Hydrangeas are flowering shrubs that are easy to grow and can provide color in the garden from mid-summer through fall. They are used as specimen plants and in shrub borders. The flowers of some species can be dried and used in flower arranging and crafts.
The name comes from the Greek "hydra," meaning "water" and "angeon," meaning "vessel," referring to the plants preference for moisture and to the shape of the seed capsule.
Hydrangeas were first introduced by Sir Joseph Banks from a Chinese garden in 1739. The birth flower of June, they're almost always blooming then.
Bigleaf Hydrangea ( Hydrangea macrophylla ) is the most commonly planted kind, and the one with the largest and most show-stopping blooms.
Bigleaf Hydrangeas prefer partial shade. Morning sun and afternoon shade is perfect in inland areas, while on the coast, no shade is required. Give them moist, well-drained soil. Avoid planting hydrangeas on hot, dry, exposed sites.
Bigleaf hydrangeas form their flower buds in late summer for the following year, so pruning in late summer, fall and winter will remove potential flowers.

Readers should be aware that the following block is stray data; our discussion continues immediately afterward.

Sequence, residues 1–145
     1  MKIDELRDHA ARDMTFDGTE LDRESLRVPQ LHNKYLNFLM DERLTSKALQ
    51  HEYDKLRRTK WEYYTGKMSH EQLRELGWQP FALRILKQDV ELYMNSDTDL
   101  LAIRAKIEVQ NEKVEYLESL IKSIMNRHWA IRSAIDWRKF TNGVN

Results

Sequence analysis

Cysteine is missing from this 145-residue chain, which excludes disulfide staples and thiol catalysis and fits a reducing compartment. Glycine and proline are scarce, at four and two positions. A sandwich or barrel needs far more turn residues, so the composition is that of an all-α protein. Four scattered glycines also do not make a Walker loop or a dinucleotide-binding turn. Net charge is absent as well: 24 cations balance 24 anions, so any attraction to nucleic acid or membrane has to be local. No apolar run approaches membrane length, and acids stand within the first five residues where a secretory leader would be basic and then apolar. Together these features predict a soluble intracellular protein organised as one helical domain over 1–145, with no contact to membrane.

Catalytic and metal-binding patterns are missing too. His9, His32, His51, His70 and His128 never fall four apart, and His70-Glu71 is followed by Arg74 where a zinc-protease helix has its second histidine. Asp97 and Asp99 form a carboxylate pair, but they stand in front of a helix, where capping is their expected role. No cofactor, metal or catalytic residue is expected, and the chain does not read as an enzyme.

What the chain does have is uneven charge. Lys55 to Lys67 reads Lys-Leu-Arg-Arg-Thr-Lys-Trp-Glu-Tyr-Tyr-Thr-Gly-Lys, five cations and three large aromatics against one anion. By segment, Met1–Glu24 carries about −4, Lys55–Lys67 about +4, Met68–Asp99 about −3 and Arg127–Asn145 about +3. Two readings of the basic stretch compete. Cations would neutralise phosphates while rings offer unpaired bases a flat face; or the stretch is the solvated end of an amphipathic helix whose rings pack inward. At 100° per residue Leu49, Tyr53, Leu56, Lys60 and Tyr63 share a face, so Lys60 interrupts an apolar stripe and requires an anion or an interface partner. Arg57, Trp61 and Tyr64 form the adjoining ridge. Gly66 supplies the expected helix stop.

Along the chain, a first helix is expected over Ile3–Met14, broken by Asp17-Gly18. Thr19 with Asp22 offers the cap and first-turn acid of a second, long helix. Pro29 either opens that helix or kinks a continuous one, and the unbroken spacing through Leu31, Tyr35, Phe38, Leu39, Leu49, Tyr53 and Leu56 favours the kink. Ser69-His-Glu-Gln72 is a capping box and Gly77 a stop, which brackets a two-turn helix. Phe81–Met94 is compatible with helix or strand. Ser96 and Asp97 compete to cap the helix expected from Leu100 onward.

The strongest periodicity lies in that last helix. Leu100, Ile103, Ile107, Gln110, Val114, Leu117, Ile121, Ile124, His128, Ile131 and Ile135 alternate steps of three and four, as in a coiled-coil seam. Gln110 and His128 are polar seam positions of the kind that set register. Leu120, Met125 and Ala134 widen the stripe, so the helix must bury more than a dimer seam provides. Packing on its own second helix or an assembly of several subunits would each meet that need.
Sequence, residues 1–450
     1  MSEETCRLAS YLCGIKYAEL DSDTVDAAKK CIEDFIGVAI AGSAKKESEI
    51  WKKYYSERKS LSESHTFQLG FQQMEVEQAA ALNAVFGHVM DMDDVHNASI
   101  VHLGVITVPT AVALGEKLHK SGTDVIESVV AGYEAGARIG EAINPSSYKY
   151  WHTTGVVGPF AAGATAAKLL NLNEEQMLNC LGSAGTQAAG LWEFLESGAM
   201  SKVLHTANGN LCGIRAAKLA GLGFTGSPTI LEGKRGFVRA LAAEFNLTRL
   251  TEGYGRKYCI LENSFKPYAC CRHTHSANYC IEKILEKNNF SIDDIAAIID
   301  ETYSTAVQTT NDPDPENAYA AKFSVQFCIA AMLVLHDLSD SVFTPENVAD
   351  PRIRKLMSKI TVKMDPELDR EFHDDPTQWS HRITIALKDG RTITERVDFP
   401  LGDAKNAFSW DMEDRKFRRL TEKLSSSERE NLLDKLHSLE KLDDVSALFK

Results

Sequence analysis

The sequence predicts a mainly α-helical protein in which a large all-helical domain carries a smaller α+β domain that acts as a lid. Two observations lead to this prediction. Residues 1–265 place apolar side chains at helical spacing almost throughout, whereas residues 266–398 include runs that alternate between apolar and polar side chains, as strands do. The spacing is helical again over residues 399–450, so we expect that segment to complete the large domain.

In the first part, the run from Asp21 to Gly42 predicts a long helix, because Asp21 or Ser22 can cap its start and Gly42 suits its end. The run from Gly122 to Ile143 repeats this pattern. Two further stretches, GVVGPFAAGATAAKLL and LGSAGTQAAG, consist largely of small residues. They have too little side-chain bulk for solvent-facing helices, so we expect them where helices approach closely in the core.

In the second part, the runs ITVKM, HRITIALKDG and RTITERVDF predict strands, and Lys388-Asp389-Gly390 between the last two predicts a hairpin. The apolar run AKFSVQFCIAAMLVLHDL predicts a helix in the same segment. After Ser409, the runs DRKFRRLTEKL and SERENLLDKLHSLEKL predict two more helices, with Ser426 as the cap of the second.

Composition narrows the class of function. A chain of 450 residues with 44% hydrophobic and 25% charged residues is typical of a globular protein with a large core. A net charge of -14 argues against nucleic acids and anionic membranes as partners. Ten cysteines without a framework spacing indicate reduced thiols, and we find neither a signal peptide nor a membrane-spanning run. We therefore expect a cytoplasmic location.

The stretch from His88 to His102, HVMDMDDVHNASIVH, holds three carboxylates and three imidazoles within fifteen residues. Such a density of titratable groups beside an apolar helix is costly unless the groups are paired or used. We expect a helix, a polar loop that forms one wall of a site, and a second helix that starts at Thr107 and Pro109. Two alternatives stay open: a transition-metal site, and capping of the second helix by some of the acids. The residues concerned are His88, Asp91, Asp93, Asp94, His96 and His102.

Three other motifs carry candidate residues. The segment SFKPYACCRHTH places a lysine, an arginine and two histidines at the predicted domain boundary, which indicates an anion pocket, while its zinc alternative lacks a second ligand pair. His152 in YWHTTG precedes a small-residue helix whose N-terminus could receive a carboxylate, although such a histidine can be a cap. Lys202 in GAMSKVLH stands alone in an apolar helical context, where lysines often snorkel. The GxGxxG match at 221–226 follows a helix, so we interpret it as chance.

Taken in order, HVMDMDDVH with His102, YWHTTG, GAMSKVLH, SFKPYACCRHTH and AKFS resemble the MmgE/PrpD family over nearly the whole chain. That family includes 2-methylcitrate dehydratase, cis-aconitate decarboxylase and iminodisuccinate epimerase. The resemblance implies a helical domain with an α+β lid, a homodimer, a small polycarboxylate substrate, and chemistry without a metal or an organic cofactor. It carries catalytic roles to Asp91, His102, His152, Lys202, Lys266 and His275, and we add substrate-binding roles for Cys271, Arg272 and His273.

Prune bigleaf hydrangeas when the flower heads begin to fade. Prune off the flower heads and snip back other shoots to encourage branching and fullness. For a dwarfing effect, prune hard back to the double buds forming on either side of the stem near the base of the plant.
Hydrangeas are fascinating in that, unlike most other plants, the color of their flowers can change dramatically.
It would be nice if one could change the color of hydrangeas as easily as it changes in this little picture, but it is NOT easy. The people who have the most control over the color of their hydrangeas are those who grow them in containers. It is much easier to control or alter the pH of the soil in a container than it is in the ground.
On the other hand, hydrangeas often change color on their own when they are planted or transplanted. They are adjusting to the new environment. It is not unusual to see several different colors on one shrub the next year after planting. (They invariably shift toward the red end of the spectrum)
It is much easier to change a hydrangea from pink to blue than it is from blue to pink. Changing a hydrangea from pink to blue entails adding aluminum to the soil. Changing from blue to pink means subtracting aluminum from the soil or taking it out of reach of the hydrangea.
Old established hydrangeas may also be divided in the early spring, by digging them up and using a shovel to divide the clump, much as you would divide a perennial. This way, several plants can be obtained from one mature clump. Be sure to water the plants in very well, and keep watering all summer.
Here is a great resource for hydrangea information on the Web:
The American Hydrangea Society